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Pregnancy and Urolithiasis Workup

  • Author: Robert O Wayment, MD; Chief Editor: Bradley Fields Schwartz, DO, FACS  more...
 
Updated: Apr 17, 2015
 

Laboratory Studies

Laboratory studies in pregnant patients with possible urolithiasis include the following:

  • Urinalysis -To assess for microscopic hematuria
  • Serum chemistry studies, including a renal panel
  • Urine culture - To identify the offending bacteria and determine antibiotic sensitivities
  • Complete blood cell (CBC) count - To determine the presence or absence of systemic infection
  • Metabolic studies - To guide stone prevention

Urinalysis

Consider the following:

  • The presence of red blood cells may suggest a calculus
  • Using both dipstick and microscopic analysis can identify microscopic hematuria in 95% of patients with urinary stones
  • Pyuria, which can result from an inflammatory reaction to a stone or infection, mandates evaluation of a coexisting urinary tract infection. Urinary tract infection is present in approximately 31% [7]
  • Urine pH greater than 7 may signal the presence of infected stones (magnesium-ammonium-phosphate) with urea-splitting organisms (eg, Proteus and Klebsiella species)
  • Acidic urine (pH < 5) suggests the presence of a uric acid stone

Renal panel

Decreased serum bicarbonate and potassium levels suggest an underlying renal tubular acidosis that may result in the formation of calcium phosphate stones. Elevated serum calcium levels might suggest possible primary or secondary hyperparathyroidism. Hyperuricemia suggests possible gouty diathesis and hyperuricosuria, which can increase the risk for both uric acid and calcium stone formation.

Elevated serum creatinine levels suggest azotemia due to ureteral obstruction or chronic renal insufficiency. The physiologic increase in glomerular filtration rate (GFR) during pregnancy dictates that the serum creatinine and BUN levels should be nearly 25% less than levels in the nonpregnant patient.[17]

Metabolic studies

For patients with a sincere interest in reducing their risk of developing additional urinary stones, a 24-hour urine collection for stone prevention analysis is recommended. However, because of the physiologic and electrolytic changes associated with pregnancy, metabolic studies should be postponed until completion of pregnancy. Patients undergoing metabolic analysis studies should be willing to make long-term changes in their diet or lifestyle and take medications and/or supplements to help reduce their risk of new stone formation.

The metabolic evaluation should include, as a minimum, a 24-hour urine collection and determination of total volume and sodium, oxalate, citrate, uric acid, calcium, phosphate, and magnesium. Various commercial programs are available from laboratories such as Mission Pharmacal, LabCorp, Litholink, Dianon Systems, Nichols, and UroCor. All of these provide accurate and reliable results from the 24-hour urine collections.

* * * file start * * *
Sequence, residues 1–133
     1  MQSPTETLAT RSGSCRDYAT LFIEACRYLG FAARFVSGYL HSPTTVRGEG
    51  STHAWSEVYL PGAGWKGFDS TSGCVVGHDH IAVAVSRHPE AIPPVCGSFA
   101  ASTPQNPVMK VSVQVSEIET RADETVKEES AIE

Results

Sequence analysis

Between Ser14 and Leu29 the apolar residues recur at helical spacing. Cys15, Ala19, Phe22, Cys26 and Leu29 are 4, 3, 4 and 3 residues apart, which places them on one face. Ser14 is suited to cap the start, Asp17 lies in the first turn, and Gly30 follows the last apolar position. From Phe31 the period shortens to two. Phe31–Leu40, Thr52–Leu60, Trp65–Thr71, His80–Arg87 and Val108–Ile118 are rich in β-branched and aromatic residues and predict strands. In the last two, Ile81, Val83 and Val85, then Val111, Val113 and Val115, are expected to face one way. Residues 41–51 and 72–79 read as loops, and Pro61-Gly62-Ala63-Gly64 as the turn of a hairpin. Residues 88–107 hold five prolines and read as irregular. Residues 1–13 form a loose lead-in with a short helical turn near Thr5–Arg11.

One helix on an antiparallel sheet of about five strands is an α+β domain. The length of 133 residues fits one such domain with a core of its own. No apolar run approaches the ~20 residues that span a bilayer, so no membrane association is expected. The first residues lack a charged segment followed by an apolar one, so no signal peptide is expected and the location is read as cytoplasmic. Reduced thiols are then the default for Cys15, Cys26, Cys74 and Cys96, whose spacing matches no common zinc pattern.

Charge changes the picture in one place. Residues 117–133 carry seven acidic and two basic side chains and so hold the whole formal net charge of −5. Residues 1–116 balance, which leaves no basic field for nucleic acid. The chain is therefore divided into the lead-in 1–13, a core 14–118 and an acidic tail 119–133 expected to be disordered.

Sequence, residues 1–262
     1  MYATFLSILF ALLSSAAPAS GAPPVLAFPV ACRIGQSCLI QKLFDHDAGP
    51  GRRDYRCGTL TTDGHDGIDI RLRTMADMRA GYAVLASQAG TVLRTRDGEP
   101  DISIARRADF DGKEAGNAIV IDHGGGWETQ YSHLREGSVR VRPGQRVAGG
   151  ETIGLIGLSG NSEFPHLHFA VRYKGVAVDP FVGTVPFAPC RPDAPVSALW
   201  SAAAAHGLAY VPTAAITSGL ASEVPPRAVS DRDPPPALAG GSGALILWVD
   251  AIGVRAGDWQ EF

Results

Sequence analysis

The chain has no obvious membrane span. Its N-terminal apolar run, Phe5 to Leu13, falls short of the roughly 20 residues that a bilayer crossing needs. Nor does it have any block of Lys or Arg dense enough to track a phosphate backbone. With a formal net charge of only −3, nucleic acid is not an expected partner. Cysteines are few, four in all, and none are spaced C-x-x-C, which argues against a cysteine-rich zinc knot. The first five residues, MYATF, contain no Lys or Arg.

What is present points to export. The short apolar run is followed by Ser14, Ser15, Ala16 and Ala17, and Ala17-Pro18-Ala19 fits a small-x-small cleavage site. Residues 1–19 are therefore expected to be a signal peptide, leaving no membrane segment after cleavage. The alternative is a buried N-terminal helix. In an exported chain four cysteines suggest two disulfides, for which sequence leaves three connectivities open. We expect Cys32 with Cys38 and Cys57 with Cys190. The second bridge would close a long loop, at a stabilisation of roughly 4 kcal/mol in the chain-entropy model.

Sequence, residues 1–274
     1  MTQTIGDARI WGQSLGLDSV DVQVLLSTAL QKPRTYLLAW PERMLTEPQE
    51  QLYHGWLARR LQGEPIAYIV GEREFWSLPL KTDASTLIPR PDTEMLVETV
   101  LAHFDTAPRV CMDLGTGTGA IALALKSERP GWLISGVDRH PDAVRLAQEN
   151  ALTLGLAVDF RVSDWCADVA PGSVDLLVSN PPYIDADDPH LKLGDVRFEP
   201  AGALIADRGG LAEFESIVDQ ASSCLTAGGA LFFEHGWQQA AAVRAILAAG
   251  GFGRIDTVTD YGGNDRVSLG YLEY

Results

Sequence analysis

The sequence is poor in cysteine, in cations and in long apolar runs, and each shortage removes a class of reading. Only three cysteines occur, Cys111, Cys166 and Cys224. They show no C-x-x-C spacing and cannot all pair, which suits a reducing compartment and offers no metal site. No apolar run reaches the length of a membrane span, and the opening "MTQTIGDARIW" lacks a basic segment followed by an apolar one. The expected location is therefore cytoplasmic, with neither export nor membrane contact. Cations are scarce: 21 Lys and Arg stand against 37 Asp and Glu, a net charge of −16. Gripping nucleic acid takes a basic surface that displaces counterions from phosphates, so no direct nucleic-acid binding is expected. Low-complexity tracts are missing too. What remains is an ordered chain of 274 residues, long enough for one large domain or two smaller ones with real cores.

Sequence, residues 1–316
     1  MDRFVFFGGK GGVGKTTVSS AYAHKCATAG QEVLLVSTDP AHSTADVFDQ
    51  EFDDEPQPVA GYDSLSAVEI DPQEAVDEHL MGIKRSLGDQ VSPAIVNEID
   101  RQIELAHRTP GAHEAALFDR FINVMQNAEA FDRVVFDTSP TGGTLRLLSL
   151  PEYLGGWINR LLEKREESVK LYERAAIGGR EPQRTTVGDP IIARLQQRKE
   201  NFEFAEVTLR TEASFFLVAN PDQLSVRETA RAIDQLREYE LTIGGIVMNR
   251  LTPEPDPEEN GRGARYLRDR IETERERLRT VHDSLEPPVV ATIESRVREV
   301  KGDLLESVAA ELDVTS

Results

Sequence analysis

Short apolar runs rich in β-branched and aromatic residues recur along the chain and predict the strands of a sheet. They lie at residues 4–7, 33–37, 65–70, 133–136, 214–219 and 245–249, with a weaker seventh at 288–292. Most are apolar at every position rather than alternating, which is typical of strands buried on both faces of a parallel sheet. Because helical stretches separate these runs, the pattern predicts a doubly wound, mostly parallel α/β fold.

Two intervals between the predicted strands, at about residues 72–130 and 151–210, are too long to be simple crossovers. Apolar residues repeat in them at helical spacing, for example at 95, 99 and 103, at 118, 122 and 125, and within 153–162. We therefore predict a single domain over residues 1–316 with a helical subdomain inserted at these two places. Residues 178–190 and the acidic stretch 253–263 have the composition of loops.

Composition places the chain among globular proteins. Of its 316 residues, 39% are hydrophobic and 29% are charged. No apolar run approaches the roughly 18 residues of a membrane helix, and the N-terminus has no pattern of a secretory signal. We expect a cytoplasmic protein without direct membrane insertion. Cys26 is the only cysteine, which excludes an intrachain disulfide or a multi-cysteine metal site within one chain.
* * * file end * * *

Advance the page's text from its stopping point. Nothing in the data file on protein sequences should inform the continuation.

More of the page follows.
The cornerstone of the metabolic evaluation is the stone analysis. All patients should be encouraged to strain urine until the stone passes or repeat imaging is performed.

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Imaging Studies

Radiologic diagnosis of urolithiasis in pregnant patients is complicated by the physiologic and hemodynamic changes of pregnancy, such as increased renal blood flow (RBF) and GFR, in addition to the concern for fetal radiation exposure. Delay in diagnosis or inappropriate therapy may risk maternal renal damage, premature labor, spontaneous abortion, pyonephrosis, and/or maternal hypertension. Tailor the diagnostic evaluation and management of the gravid patient to the individual.[18]

The use of ionizing radiation during pregnancy is a complicated and controversial issue. Radiographic studies should be used judiciously and avoided when possible, particularly during the first trimester. The guidelines available from the American College of Obstetricians and Gynecologists (ACOG) state, “concern about possible effects of high-dose ionizing radiation exposure should not prevent medically indicated diagnostic x-ray procedures from being performed on a pregnant woman. During pregnancy, other imaging procedures not associated with ionizing radiation (eg, ultrasonography, MRI) should be considered instead of x-rays when appropriate.” Concerning fetal dosages of radiation, ACOG states that “....less than 5 rads (5000 millirad [mrd]) has not been associated with an increase in fetal abnormalities or pregnancy loss.”[19]

Srirangam et al (2008) reported average fetal radiation doses for common diagnostic procedures used in the workup of urolithiasis in pregnancy, as follows:[20]

  • Ultrasonography - None
  • MRI (< 1.5 T) - None
  • KUB, 1.4 milligray (mGy) - 140 mrd
  • Intravenous urography, 1.7 mGy - 170 mrd
  • Renal tract CT scanning, 80 mGy - 800 mrd
  • Technetium Tc 99m renal scan (mercaptoacetyltriglycine [MAG-3] or diethylenetriaminepentaacetic acid [DTPA]), 0.2 mGy - 20 mrd